In September 2011, we did a special harvest and micro vinification with part of the Merlot, Cabernet and Syrah. It was a natural, extended whole cluster carbonic maceration.
The experimental fermentation
Natural means nothing added. We counted on wild yeasts and used no sulfites.
Extended means that I let the maceration run for about six weeks. That’s a long time. Especially for a carbonic.
Whole cluster means I left the grapes on the stems.
Carbonic maceration means the tank was completely sealed throughout the maceration so there was virtually no oxygen. The chemical reactions during fermentation result in totally different flavors when there is no oxygen in the environment. Lots of candy like, bubblegummy flavors (often associated with beaujolais nouveau).
I previously posted about harvesting the grapes for this micro vinification experiment.
After the six weeks were up, we opened the tank and checked on the grapes. I really had no idea what to expect.
It smelled great and looked like most of the grapes had stayed intact.
We drained juice from the bottom of the tank and took density measurements to see how much sugar was left. It turns out that we had almost finished fermentation on the free running juice. It was at .999 the density of water. Almost! Tasted great. This was definitely killer wine. The grapes also tasted delicious. I froze some for use in cooking recipes later this winter.
Once we drained all the free running juice, it was time to tip the tank over and scoop out all the remaining grapes into a vertical wooden press. So many of the grapes were still intact, the entire fermentation happening INSIDE the grape. When I would reach in with the bucket, I would hear lots of popping noises as my fingers pressed into the grapes. It was like wine-scented bubble wrap. PS somebody should make wine scented bubble wrap.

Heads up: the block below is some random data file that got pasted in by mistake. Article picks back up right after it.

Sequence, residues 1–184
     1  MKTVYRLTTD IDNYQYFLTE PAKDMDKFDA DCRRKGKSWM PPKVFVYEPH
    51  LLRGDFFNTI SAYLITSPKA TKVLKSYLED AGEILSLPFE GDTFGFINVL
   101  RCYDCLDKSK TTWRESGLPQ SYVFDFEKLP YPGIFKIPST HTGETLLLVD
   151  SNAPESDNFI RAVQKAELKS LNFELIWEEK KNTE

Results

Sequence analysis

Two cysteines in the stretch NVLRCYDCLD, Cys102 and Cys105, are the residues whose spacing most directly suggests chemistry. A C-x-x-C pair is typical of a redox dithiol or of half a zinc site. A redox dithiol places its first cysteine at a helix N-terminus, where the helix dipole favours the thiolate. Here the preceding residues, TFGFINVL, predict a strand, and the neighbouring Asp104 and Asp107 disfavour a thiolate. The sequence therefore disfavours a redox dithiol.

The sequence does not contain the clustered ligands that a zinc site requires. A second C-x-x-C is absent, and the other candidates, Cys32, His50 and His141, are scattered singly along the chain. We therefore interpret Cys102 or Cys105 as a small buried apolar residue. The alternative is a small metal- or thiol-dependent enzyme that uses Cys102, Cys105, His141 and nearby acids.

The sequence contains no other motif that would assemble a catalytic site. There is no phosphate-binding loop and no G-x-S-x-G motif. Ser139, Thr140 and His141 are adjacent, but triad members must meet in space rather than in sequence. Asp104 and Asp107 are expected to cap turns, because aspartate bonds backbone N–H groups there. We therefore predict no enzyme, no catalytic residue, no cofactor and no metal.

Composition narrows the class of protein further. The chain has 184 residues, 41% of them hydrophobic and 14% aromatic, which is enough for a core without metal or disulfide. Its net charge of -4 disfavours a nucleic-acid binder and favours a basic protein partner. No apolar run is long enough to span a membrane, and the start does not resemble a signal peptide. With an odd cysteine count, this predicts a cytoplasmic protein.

I pressed the grapes. This juice was slightly sweeter/denser. It’s clear the fermentation stuck. Such is life. I guess I’m supposed to restart it with a tete de cuve (when you make a little bit of the juice ferment and then double it in size after a day and double it in size again after another day and so on until you get the whole container). But the amount of juice we got is pathetically small (maybe 2 hectoliters / not even a barrel). So a tete de cuve on this would be like a glass of wine. And then the next day a bottle. And then maybe a jug. 😀
All the photos of our decuvage
In September 2011, we did a special harvest and micro vinification with part of the Merlot, Cabernet and Syrah. Two of the WWOOFers (volunteers learning about farming) staying at O’Vineyards spent a couple days hand-harvesting grapes for a small project of mine.
We brought the harvest in and did a natural, whole-cluster extended carbonic maceration in a small stainless steel tank I have. No sulfites added. No yeast added. No air. No nothing. We just put a bunch of grapes in an airtight container and sealed the lid for six weeks. And the results are impressive!
The codename for the cuve has been O’Blivion because the WWOOFers were Cronenberg fans and we watched Videodrome a couple nights before starting this project. (There’s a character in Videodrome named Brian O’Blivion.)
It was a late harvest and it had its complications. At that point, we were already seeing a lot of shriveling and a bit of rot too so we had to be pretty selective in the hand harvest. Only picking the best grape bunches that seemed least affected by the adverse conditions of late harvesting, we managed to get about 5 hectoliters (500 liters) of grapes.
Photos of harvest
Help and credit
We should give a shout out to Matt and Erica, the WWOOFers who contributed so much to this little tank of wine. And Laurent and Alexandra from Tonton Marcel also helped out on the day they were at O’Vineyards. A lot of the photos above were taken by them.